History and Culture

Barbara Greenberg & Luke Reader
Tuesdays, January 30-April 17|1:30–3:30 p.m.

Tuesdays, January 30-March 6

Charlene Miletti
Sundays, March 18-May 6|5-6:30 p.m.

Maurizio Viroli brings to life the fascinating writer of The Prince, who was the founder of modern political thought.

Whitney Lloyd
Mondays, March 19-May 7|10:30 a.m.-noon

McCullough’s biography of Harry S. Truman explores the life of the accidental president, who was the architect of the Cold War and an innovative reformer.

Book: Truman, David McCullough

Jim Lane
Tuesdays, March 20-May 8|1-2:30 p.m.

Put on your bell-bottoms and grab your granny glasses, tie-dyes and beads! Let’s do a little back-to-the-future time travel to the seminal decade of the 1960s. Utilizing a compilation of articles originally published in the New Yorker, we will re-examine the confrontations over civil rights, economics, Vietnam, and lifestyles.

Betty Zak
Wednesdays, March 21-May 9|10–11:30 a.m.

The Vatican and others called her a Pirate Queen and a master of the spies as she transformed England into an imposing empire. Discover her power and intrigue, her swashbuckling mariners who terrorized the seas and the brilliance of a spymaster who exploited double agents, deciphered codes, and laid a foundation for international espionage.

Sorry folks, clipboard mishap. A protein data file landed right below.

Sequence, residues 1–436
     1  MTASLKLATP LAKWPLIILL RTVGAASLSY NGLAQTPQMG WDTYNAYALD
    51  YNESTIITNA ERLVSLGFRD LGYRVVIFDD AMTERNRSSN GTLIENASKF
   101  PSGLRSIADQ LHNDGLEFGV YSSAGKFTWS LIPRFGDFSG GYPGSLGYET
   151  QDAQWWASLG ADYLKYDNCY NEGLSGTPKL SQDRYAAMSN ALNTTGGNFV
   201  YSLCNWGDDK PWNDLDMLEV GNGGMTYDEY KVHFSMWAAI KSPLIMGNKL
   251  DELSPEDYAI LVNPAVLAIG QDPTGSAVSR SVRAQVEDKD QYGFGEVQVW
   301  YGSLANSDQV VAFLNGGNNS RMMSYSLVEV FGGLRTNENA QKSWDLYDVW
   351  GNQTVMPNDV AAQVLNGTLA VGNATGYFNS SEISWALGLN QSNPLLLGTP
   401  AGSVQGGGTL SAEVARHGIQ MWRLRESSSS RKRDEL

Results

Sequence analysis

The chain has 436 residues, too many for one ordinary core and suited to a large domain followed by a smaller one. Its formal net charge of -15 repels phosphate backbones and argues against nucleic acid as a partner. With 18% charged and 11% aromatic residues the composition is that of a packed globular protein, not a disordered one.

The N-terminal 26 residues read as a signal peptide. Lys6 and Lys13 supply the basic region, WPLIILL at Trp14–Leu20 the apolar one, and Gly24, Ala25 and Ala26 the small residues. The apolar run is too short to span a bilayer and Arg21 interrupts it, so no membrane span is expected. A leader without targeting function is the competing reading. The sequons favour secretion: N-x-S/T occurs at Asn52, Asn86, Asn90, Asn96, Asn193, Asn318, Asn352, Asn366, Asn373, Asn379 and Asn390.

Ezra Blaustein
Tuesdays, April 10–May 1|6:30-8:30 p.m.

This course will study the Quran's presentation of characters and stories found in the Hebrew Bible. We will explore the similarities and differences between the tales as they appear in the Quran and as they appear in the Torah.

David Huston
Thursdays, April 12-May 17 |6:30-8 p.m.

America has been called “the first new nation.” It did not grow organically from time immemorial; it was deliberately created by groups of people who harbored deep and often conflicting ideas about what sort of nation they were actually founding.

Brian Amkraut
Tuesdays, April 24–May 15|7–9 p.m.

For a century following the French Revolution, the Jewish citizens of France felt accepted and welcomed as part of Europe's largest democracy. That view was shattered with the arrest, trial and retrial of Captain Alfred Dreyfus on charges of espionage and the heated public debate around his guilt or innocence.